FIGS. 4A and 4B show a standard parametric TM and a subcircuit-based TM according to a disclosed embodiment, respectively, both having the same standard probe pad configuration, according to a disclosed embodiment. A standard bond pad configuration for subcircuit-based TMs disclosed herein allows the use of a standard probe card. In the past IC designers put TMs in the scribe line areas, but with the TMs for different ICs having different bond pad configurations, resulting in most conventional scribe line TMs not being used for production, and typically only used to perform some manual characterization. As described above, one production use for subcircuit-based TMs disclosed herein is in production for WSP devices, which are becoming a preferred packaging for a variety of devices.

Probe pads are indicated as reference 432. In one particular embodiment the number of probes pads on each TM total 16.

Electrical conductor lines 436 are shown connecting the probe pads 432 and to TM 208 in FIG. 4A and to TM 212 in FIG. 4B such that the TMs are testable through the probe pads 432. The conductor lines 436 typically comprise metal lines, e.g., Cu lines and/or Al lines, but may also be provided by any electrically conductive material formed in front-end-of-the-line (FEOL) processing. The probe pads 432 generally include input pads, output pads, at least one power supply pad, and at least one ground pad. The pads 432 may also be referred to as test pads since a tester probe may contact the probe pads 432. The input pads can provide digital and analog input signals employed to test the respective TMS.

Another disclosed embodiment comprises a method of a testing semiconductor wafer having a plurality of IC die areas for accommodating IC die that implements a circuit function. The IC die comprises a plurality of subcircuits including at least a first subcircuit that includes at least one matched component portion that comprises one or more instances of matched devices. The wafer includes a plurality of scribe line areas having a scribe line width dimension interposed between the plurality of IC die areas, and a subcircuit-based scribe line TM within a portion of the scribe line areas.

The subcircuit-based TM implements a schematic for the first subcircuit with a TM layout that copies the layout on the IC die for at least the matched devices in the matched component portion and alters the layout on the IC die for a portion of the first subcircuit other than the matched devices to fit the TM layout of the first subcircuit within the scribe line width dimension. The subcircuit-based TMs is probed to obtain test data. The plurality of IC die on the wafer are dispositioned based at least in part on the test data from the subcircuit-based TMs.

In a typical embodiment, a plurality of the subcircuit-based TM are positioned in the scribe line areas within an IC die/TM pattern including the subcircuit-based TM near each corner and near a center of a m×n grouping of the IC die (see FIG. 2B described above), where m and n are ≧2, and wherein the IC-die/TM pattern is repeated a plurality of times over an area of the semiconductor wafer. In this embodiment the dispositioning comprises evaluating test data along from the TM together with a location for its corresponding IC die/TM pattern, and rejecting at least one of the IC die on the wafer based exclusively on the test data and the location of the IC die/TM pattern.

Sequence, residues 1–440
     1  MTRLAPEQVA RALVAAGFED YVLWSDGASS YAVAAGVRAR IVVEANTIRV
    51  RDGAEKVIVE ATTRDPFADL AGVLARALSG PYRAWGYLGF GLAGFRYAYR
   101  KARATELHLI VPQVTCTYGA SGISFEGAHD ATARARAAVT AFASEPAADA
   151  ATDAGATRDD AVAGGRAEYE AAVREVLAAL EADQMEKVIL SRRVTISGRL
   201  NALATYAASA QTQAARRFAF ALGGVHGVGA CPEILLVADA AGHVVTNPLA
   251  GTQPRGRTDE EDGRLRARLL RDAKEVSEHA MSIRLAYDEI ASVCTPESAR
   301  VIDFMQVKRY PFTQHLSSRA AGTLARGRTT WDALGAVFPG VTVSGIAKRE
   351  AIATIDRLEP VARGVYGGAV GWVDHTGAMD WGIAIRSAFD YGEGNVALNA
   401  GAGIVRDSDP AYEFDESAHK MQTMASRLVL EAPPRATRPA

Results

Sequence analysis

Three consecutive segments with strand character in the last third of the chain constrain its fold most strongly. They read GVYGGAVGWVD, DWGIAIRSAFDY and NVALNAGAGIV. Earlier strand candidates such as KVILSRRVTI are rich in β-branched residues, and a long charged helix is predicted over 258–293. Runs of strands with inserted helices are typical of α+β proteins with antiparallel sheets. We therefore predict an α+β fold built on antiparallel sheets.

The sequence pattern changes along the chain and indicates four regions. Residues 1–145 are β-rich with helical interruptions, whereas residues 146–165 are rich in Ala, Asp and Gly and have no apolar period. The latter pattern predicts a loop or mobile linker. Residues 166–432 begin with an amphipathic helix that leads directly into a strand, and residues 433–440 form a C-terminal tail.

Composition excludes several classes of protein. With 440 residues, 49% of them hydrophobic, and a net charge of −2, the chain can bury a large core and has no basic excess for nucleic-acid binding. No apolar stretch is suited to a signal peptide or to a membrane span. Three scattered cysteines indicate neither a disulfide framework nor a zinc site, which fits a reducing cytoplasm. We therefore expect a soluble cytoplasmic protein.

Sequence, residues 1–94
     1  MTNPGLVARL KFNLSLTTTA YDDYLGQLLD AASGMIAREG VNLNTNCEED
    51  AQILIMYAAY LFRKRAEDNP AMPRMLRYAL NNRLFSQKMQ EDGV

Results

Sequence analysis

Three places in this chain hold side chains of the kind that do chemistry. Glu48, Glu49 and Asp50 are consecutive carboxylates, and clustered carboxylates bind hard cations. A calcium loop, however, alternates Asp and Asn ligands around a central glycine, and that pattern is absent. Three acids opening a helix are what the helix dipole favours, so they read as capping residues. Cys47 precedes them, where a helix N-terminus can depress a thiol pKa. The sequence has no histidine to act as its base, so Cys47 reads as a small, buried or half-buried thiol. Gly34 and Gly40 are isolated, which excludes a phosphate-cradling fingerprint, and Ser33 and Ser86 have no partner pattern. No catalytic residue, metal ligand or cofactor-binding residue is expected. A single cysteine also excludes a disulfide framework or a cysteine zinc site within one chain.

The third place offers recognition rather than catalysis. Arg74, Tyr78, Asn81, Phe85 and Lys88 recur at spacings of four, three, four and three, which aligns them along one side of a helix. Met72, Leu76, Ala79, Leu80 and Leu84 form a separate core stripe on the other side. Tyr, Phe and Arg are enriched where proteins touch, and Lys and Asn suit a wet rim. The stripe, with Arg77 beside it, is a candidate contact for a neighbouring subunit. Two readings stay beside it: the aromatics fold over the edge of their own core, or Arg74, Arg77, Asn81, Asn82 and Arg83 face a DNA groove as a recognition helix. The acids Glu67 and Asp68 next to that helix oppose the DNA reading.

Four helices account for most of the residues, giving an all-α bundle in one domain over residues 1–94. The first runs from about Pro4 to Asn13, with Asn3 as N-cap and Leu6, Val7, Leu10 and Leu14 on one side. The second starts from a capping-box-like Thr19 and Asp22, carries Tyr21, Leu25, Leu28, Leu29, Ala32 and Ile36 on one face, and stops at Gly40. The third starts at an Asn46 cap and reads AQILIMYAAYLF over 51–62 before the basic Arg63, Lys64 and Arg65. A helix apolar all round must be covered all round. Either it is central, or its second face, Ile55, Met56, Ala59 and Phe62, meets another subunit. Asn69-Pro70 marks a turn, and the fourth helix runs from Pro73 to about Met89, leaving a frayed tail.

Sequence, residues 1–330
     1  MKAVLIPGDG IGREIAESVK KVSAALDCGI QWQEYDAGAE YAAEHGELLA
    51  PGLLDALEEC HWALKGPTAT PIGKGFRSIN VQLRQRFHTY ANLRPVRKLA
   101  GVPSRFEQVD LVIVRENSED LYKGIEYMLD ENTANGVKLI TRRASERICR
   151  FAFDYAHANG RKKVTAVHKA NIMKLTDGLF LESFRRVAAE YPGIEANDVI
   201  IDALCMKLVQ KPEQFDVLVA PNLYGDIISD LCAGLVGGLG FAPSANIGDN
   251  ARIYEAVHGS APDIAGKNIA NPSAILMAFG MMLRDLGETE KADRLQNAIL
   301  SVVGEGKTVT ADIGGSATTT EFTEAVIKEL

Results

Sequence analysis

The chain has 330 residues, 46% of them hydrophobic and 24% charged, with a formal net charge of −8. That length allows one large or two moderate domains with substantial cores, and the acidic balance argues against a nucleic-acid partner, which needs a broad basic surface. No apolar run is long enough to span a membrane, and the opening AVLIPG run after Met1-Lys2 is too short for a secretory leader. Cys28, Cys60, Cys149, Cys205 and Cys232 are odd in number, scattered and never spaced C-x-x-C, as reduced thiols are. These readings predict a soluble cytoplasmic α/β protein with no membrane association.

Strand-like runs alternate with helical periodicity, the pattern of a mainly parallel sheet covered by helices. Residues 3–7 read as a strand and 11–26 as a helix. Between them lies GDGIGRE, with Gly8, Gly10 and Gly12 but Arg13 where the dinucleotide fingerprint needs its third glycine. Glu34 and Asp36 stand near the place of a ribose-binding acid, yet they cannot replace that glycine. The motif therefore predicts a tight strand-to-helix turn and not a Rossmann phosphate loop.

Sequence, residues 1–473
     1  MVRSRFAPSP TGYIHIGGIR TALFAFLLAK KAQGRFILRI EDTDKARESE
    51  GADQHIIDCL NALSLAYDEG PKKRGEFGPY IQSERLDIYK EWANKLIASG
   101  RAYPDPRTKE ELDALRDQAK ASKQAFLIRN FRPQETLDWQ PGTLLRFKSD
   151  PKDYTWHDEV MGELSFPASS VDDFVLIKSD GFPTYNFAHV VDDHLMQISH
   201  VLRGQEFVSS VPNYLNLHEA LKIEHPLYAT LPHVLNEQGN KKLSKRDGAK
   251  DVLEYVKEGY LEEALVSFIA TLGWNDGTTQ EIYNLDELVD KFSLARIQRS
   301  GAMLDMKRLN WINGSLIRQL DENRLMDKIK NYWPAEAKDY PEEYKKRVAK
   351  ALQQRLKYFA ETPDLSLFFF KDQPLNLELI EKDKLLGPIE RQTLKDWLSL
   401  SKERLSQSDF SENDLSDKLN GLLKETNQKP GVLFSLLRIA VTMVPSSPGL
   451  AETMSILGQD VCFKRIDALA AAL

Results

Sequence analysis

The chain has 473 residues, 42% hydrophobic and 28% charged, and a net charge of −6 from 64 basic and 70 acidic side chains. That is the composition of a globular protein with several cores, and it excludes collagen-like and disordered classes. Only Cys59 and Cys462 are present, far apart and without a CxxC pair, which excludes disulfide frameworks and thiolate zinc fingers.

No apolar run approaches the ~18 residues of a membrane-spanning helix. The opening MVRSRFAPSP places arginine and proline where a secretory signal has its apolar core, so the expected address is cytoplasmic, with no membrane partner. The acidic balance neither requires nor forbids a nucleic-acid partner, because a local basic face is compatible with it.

In other disclosed embodiments, dispositioning can be based on combining data obtained from the subcircuit-based TMs together with data from standard parametric TMs. In this embodiment, the standard TMs provides absolute values for discrete parameters, which can be used by the wafer fab to center processes, while subcircuit-based TMs can provides delta values (match-based parameters), which provides measures of local process variability and can be used to control local variability of the process. The respective data collections can take place at a different points in the fabrication process.

While various embodiments of the invention have been described above, it should be understood that they have been presented by way of example only, and not limitation. Numerous changes to the disclosed embodiments can be made in accordance with the disclosure herein without departing from the spirit or scope of the disclosed embodiments. Thus, the breadth and scope of embodiments of the invention should not be limited by any of the above described embodiments. Rather, the scope of embodiments of the invention should be defined in accordance with the following claims and their equivalents.

Although embodiments of the invention have been illustrated and described with respect to one or more implementations, equivalent alterations and modifications will occur to others skilled in the art upon the reading and understanding of this specification and the annexed drawings. In addition, while a particular feature disclose herein may have been disclosed with respect to only one of several implementations, such feature may be combined with one or more other features of the other implementations as may be desired and advantageous for any given or particular application.

The terminology used herein is for the purpose of describing particular embodiments only and is not intended to be limiting. As used herein, the singular forms “a,” “an,” and “the” are intended to include the plural forms as well, unless the context clearly indicates otherwise. Furthermore, to the extent that the terms “including,” “includes,” “having,” “has,” “with,” or variants thereof are used in either the detailed description and/or the claims, such terms are intended to be inclusive in a manner similar to the term “comprising.”

Unless otherwise defined, all terms (including technical and scientific terms) used herein have the same meaning as commonly understood by one of ordinary skill in the art to which this invention belongs. It will be further understood that terms, such as those defined in commonly used dictionaries, should be interpreted as having a meaning that is consistent with their meaning in the context of the relevant art and will not be interpreted in an idealized or overly formal sense unless expressly so defined herein.

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Classifications
U.S. Classification324/757.03, 324/757.04, 438/14
International ClassificationG01R31/20
Cooperative ClassificationH01L22/34, G06F2217/10, G01R31/2884, G06F17/5081
European ClassificationG01R31/28G4, G06F17/50L3, H01L22/34
Legal Events
DateCodeEventDescription
Apr 22, 2010ASAssignment
Effective date: 20100226
Free format text: ASSIGNMENT OF ASSIGNORS INTEREST;ASSIGNORS:CHATTERJEE, TATHAGATA;RAMON, JOSEPH P.;VINCENT, PATRICIAD.;REEL/FRAME:024279/0851
Owner name: TEXAS INSTRUMENTS INCORPORATED, TEXAS